Can I Recover Compensation for PTSD After a Car Accident?

Car accidents are traumatic events. People can suffer serious injuries, or they may even see their loved ones pass away right in front of them. A person may never forget the things which they saw and heard during the accident, and this can lead to post-traumatic stress disorder (PTSD).

Even though PTSD is a type of injury, it can be difficult to prove. For this reason, you should speak with an experienced car accident lawyer at Marks & Harrison if you believe that you have suffered PTSD as the result of a car crash that was another person’s fault. As one of the oldest and largest personal injury law firms in Virginia, we have the experience and resources that you will need to pursue just compensation. We can get to work on your case right away.

What Is PTSD?

PTSD is a psychiatric disorder. It often occurs when people have experienced a traumatic event. Car accidents can certainly cause PTSD. However, witnessing a natural disaster, act of terror or combat incident could also trigger the condition. When a person is a victim of rape or sexual assault, they may also show signs of PTSD in the aftermath.

Nearly 3.5 percent of adults in the U.S. suffer from PTSD, according to the Anxiety and Depression Association of America. People who suffer from PTSD often experience intense and disturbing thoughts related to the traumatic event which they survived or witnessed. It’s as if they relive the event – typically through flashbacks or nightmares.

People that live with PTSD may find that they cannot enjoy the same activities and social engagements which they once did. Many people with PTSD can no longer work as well. They often withdraw from society and have strong reactions to ordinary occurrences. A balloon popping, for instance, may trigger someone’s PTSD, or a bright flash from a camera. As a result, many people with PTSD become withdrawn.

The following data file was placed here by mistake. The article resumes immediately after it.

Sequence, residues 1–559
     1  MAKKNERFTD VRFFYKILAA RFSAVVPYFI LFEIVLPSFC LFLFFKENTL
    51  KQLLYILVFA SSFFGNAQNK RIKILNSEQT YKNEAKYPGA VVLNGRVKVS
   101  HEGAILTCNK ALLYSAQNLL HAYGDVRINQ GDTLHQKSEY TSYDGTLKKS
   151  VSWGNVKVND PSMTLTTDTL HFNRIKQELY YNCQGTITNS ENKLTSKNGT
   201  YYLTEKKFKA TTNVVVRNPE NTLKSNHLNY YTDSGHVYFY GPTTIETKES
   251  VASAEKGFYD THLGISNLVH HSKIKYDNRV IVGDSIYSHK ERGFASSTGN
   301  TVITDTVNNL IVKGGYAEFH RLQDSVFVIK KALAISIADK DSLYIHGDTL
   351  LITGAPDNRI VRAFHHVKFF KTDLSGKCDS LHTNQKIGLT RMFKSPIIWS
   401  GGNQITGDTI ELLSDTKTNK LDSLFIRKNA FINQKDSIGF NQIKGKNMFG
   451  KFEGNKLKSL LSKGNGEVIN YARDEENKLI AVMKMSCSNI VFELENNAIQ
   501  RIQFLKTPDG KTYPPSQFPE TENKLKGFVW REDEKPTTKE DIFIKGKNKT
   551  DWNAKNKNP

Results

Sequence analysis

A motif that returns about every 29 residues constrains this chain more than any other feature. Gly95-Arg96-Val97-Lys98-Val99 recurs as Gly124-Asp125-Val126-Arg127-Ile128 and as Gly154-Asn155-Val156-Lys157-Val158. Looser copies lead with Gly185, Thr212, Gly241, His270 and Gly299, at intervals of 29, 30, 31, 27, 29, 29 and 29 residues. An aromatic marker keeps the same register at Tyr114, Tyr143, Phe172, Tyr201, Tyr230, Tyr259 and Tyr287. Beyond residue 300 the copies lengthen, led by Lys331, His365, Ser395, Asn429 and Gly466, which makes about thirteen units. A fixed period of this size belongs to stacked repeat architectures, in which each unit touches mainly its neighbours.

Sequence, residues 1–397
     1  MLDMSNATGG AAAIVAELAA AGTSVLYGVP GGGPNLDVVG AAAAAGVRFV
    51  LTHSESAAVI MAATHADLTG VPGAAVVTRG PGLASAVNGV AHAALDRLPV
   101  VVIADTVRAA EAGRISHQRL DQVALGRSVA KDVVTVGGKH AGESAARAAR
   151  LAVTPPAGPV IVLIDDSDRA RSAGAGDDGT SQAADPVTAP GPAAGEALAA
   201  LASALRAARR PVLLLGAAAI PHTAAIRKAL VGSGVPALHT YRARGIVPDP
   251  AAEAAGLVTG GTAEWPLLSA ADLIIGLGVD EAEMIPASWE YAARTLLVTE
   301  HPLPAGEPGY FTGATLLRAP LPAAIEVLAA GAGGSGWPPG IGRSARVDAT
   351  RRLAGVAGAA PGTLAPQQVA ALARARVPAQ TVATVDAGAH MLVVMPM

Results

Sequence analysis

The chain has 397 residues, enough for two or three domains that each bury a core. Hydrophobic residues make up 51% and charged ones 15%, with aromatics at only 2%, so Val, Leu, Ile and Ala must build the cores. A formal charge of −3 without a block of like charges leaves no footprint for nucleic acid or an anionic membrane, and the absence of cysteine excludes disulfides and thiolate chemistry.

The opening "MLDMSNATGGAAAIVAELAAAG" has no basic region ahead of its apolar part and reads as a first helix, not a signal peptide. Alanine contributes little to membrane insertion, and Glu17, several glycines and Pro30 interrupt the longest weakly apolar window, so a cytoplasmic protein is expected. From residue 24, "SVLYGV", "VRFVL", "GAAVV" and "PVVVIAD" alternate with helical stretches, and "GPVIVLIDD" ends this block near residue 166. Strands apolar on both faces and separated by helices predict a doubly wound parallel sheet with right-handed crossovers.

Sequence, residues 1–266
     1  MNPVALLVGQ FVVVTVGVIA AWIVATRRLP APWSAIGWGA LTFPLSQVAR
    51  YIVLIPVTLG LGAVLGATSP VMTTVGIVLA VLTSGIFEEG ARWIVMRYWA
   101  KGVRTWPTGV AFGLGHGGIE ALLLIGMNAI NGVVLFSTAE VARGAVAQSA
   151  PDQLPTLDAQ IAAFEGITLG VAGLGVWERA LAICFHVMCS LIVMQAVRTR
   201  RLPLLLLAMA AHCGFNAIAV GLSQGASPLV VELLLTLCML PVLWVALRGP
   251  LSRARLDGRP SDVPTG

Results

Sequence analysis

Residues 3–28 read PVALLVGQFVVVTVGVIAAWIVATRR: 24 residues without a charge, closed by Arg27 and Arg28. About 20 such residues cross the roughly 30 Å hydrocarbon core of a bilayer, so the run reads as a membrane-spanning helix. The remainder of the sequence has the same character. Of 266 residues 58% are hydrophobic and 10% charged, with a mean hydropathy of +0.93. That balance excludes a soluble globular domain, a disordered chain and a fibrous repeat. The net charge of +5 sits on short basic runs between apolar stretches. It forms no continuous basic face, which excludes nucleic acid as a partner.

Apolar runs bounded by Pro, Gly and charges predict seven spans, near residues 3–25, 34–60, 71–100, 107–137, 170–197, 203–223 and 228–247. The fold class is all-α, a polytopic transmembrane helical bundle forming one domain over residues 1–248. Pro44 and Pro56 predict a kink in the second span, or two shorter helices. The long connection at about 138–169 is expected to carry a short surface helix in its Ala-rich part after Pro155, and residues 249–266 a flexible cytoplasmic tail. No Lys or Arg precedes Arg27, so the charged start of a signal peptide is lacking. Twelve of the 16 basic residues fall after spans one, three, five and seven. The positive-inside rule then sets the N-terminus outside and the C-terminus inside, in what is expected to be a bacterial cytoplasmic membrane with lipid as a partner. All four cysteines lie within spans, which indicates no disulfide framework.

What Are the Symptoms of PTSD?

After a traumatic event, PTSD may take time to develop. Some people experience symptoms right away, while for others, it may take years before the signs of PTSD begin to show. According to the Mayo Clinic, these symptoms fall into four groups:

Intrusive Memories

  • Recurring and disturbing memories of the traumatic event
  • Flashbacks that make it seem as though you are reliving the event
  • Disturbing dreams and nightmares about the event
  • Experiencing severe physical reactions to an experience that reminds you of the traumatic event.


  • Taking measures to avoid talking or even thinking about the traumatic event
  • Avoiding anything that reminds you of the traumatic event, including people, places and activities.

Negative Changes in Mood

  • Viewing yourself, others or the world more negatively
  • Feeling hopeless about the future
  • Memory issues, particularly not remembering certain parts of the traumatic event
  • Inability to maintain close relationships
  • A feeling of detachment from family and friends
  • Losing interest in activities and hobbies that you once loved
  • Inability to feel positive emotions
  • A feeling of numbness, particularly emotionally.

Physical or Emotional Reactions

  • Becoming frightened or startled more easily
  • Continuously being on guard for danger
  • Self-destructive behavior
  • Difficulty sleeping
  • Difficulty concentrating
  • Trouble eating and digesting food